Friday, October 23, 2009

What is Wrong with Local Optimization Anyway?

How could it be wrong to optimize anything, local or not?
Well, if by local optimization we mean having a resource in our system utilize an optimum amount of its inputs, to produce timely, sufficient, but not excessive, output to subsequent steps in the process, then there is nothing wrong, as long as this optimization contributes positively to the system's goal.
Note that timely, sufficient, and not excessive, output is defined by subsequent steps in the process. As such, this output might, at times, be zero.
Note also that optimizing the whole system may call for one step or process to be removed altogether.
If this is how we are approaching the problem of efficiency, then we are not actually doing local optimization.

Consider, however, the following approaches to optimization:
  • Increasing the resource utilization to 100%.
  • Getting the maximum possible throughput out of every resource.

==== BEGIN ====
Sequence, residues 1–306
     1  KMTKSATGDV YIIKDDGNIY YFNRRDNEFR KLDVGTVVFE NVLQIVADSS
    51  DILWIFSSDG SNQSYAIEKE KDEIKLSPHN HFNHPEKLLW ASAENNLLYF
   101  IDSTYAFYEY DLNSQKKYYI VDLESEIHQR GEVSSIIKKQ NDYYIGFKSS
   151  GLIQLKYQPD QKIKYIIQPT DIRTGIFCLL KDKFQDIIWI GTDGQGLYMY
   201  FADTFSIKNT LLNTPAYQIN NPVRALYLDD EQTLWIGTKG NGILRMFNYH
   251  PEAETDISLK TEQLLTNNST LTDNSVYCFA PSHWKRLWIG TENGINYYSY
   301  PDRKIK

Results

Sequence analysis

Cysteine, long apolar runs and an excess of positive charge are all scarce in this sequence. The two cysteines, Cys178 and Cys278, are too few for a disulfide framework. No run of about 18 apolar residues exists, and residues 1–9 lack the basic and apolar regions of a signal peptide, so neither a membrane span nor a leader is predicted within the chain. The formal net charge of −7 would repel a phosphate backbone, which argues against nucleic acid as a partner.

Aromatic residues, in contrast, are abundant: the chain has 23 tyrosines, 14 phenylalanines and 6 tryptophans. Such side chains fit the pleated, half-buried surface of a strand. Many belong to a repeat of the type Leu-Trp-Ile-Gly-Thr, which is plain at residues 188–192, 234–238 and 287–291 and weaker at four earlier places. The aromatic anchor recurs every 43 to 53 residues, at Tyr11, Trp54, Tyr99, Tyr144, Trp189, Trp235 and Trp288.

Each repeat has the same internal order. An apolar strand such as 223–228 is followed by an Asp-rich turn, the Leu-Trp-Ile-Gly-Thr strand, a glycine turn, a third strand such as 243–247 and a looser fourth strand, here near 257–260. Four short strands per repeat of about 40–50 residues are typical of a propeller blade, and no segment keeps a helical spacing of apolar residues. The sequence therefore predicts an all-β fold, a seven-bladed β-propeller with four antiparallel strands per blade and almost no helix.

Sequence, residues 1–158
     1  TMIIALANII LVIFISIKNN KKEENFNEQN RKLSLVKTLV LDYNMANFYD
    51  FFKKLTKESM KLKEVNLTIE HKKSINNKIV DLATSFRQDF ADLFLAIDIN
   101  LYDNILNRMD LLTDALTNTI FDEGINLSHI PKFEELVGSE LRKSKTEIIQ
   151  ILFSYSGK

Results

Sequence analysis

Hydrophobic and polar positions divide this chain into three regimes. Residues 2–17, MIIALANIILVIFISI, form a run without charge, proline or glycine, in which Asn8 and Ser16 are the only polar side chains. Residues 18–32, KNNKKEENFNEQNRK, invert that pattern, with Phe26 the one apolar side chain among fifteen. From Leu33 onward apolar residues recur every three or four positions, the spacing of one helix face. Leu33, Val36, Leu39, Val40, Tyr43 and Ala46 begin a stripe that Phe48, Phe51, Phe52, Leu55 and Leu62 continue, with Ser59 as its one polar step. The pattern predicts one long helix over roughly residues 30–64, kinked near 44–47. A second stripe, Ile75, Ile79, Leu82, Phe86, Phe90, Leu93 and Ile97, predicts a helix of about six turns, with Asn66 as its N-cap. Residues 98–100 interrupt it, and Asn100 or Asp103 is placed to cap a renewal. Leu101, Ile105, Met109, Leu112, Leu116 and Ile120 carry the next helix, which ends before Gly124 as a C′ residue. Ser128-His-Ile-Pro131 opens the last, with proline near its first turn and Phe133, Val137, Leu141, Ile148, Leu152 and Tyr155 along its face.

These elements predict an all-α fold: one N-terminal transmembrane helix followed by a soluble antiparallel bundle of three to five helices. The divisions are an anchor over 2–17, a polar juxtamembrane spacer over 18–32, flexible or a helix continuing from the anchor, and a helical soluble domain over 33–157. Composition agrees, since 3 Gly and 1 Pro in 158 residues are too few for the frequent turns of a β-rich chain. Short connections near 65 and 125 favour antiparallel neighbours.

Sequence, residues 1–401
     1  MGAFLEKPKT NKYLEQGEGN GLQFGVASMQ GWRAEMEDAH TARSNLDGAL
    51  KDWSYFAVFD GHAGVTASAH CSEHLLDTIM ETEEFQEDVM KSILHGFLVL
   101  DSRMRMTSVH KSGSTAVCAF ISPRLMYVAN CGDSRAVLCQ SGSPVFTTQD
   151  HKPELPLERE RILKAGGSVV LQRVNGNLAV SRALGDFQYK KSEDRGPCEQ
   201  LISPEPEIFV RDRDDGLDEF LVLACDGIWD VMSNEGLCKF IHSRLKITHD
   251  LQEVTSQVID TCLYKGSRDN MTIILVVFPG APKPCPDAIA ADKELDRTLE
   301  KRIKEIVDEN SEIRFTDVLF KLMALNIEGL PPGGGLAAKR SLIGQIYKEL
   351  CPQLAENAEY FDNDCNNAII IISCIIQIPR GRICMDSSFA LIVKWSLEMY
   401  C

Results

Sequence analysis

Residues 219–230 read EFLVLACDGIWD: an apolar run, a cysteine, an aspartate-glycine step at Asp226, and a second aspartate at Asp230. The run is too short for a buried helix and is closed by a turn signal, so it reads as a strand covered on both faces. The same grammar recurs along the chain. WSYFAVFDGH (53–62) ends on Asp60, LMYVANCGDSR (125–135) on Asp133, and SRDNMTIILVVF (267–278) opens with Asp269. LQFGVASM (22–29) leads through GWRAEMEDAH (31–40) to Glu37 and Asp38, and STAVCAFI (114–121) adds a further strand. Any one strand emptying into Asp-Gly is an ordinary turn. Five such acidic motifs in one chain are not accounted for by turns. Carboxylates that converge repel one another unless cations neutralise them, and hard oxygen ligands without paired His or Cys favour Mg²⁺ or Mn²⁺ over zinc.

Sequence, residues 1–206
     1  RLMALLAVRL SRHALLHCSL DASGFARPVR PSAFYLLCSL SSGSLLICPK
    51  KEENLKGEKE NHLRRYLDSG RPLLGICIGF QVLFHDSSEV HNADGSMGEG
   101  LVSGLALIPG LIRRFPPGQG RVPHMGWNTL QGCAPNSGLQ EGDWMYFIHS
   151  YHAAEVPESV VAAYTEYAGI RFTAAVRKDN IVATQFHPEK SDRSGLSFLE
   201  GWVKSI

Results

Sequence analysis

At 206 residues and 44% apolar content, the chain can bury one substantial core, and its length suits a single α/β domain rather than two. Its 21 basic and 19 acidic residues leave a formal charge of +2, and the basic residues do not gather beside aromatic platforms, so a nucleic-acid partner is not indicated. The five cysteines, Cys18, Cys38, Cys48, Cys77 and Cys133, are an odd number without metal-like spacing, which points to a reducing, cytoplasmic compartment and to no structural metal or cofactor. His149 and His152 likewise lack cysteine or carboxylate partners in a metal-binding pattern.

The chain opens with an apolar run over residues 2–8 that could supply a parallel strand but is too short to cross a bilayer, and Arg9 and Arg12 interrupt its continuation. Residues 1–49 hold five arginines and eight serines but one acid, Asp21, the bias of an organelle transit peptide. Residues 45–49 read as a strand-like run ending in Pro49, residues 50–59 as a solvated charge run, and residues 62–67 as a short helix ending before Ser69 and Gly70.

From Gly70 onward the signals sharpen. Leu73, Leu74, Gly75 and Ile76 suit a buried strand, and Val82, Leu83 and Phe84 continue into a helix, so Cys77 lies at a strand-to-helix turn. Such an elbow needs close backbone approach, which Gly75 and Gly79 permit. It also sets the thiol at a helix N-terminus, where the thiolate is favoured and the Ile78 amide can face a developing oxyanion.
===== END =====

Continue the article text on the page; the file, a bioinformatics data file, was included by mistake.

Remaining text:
• Keeping everyone busy all the time.
  • Removing all idle time.
If this is our focus, then we are heading for trouble, and we are introducing a significant waste in our system.

To see why this is the case, consider the following consequences of increasing a resource's throughput in our system to the maximum:
  • More inventory to manage in subsequent processes, If these subsequent processes are not ready, or capable, of consuming all the output.
  • More load on subsequent processes, since now they will have more input to process.
  • Delays in getting urgent work done, since there is no slack in the system to handle occasional spikes, resulting from natural statistical variations.
  • More work being stuck at bottlenecks.
  • Increasing demand artificially on up-stream processes, since this demand is not driven by the needs of the market or the ultimate customers.
  • Increasing demand on resources required to maintain the high efficiency.
  • The process of optimization itself will consume resources. The overall gain may not exceed the cost.

Local efficiency, then, is a waste. One has to look for alignment with the system's goals to define what, where, how, and how much to optimize, weighing costs against benefits.

"But wait," you may remark, "how about local optimization at bottlenecks?", which is, granted, a nice try. But this will have to wait for another post.

No comments: